Why Canada's housing sector didn't collapse

I wanted to pass on this email by Merix Financial. 

I was sent this by Bryan Guertin of Mortagage Intelligence. 

Bryan has been serving clients of the Halton Region for almost 40 years. 

Bryan can be reached @ 905-842-4320.


The strong Canadian dollar has pushed up the bond market which caused the fixed rate to move up 35 basis points.

The Bank Of Canada is trying to slow down the rise of the Canadian dollar, they would normally drop prime rate to do this, but they are already at the bottom.

The Bank said they were not moving prime until the 2nd quarter of 2010 to allow our economy to recover, but the bank economists say it will probably be another year before the rate moves as the USA recovery will be long & slow & our economy is too tied to theirs.

Therefore, the variable is the way to go.

Below is a good article compliments of Merix Financial.

I hope you enjoy and feel free to contact me at 905-407-7381 or brad.stevenett@century21.ca.

Brad Stevenett




Why Canada's housing sector didn't collapse

….for each dollar lost in housing wealth, consumer spending pulls back up to 15 cents. 

                                   ·           TSX +33.63(Reuters) as further weakness in the U.S. dollar boosted commodity prices. 

                                   ·           DOW +96.28

                                   ·           Dollar +.83c to 97.15 rising on firm commodity prices and ahead of the Bank of Canada's interest rate announcement on Tuesday

                                   ·            Oil  +$1.08 to $79.61US per barrel.  

                                   ·          Gold +$6.60 to $1,057.30USD per ounce   

                                   ·          Canadian 5 yr bond yields +.03bps to 2.81. The spread, based on the new MERIX 5 yr rate published of 4.34% is 1.53 


       The yield, rate of return on your bond, can be read through a yield curve, which is the pattern of yields on bonds. This increase in bond yield  is something to watch.  If the bond yield continues to go up, the spread will continue to shrink and this could be a trigger for interest rates to rise. Ideally lenders are looking for a spread between 1.35 and 1.55



Why Canada's housing sector didn't collapse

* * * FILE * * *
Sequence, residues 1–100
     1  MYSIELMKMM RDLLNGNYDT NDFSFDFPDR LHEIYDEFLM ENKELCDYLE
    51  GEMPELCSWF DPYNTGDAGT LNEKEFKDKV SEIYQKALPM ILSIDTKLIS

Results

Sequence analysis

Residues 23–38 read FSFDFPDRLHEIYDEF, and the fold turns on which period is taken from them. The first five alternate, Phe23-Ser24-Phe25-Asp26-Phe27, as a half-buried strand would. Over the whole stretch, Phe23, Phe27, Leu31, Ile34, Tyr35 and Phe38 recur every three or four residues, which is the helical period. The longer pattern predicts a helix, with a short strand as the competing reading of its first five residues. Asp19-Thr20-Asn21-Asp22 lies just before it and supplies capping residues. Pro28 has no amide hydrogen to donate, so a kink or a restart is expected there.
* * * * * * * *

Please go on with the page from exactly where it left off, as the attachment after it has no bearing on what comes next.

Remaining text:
Globe and Mail Update Published on Monday, Oct. 19, 2009


While it's tempting to think of a “housing correction” as a continent-wide phenomenon, National Bank Financial says the Canadian and U.S. markets couldn't be more different.

“The two have absolutely nothing in common,” senior economist Marc Pinsonneault wrote in an economic update Monday. “In Canada, the correction got under way much later and lasted nowhere as long.”

Mr. Pinsonneault said “prudent lending practices” in Canada prevented the housing market from falling as hard as its American counterpart, and pointed out that Canada's crisis was a side-effect of its recession rather than its cause.

Here are four ways the markets have differed:

Duration of slowdown

The Canadian market began to slide in October, 2008, while the American slump has lasted 2 1/2 years.

“People wishing to sell their homes either cut their asking price or quite simply took their property off the market,” he said of the Canadian market. “Lower interest rates, lower home prices and renewed consumer confidence led to a quick recovery in sales, so much so that as early as last May, these had surpassed pre-recession levels.

Price declines

According to Teranet, Canadian home prices fell 8.9 per cent from their August, 2008, highs to their recessionary lows eight months later. In the U.S., the S&P/Case Shiller index shows prices slid 33 per cent in 33 months.

Delinquency rates

Canadian banks have seen delinquency rates climb to 0.4 per cent, compared to the 0.65 per cent high reached in 1992. The number is far greater in the U.S., at 3.67 per cent.

Consumer spending

When home prices are under pressure, consumers tend to reel in the spending.

“According to Statistics Canada, from the end of Q3 2008 to mid-2009, the value of household real estate wealth sagged only 1.1 per cent,” he said. “The impact of this impoverishment on consumer spending has been negligible.”

In the U.S., the value of household real estate wealth dropped 18.2 per cent. The Federal Reserve estimates that for each dollar lost in housing wealth, consumer spending pulls back up to 15 cents.

Steve Ladurantaye


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Brad Stevenett

Brad Stevenett

Sales Representative
CENTURY 21 Miller Real Estate Ltd., Brokerage*
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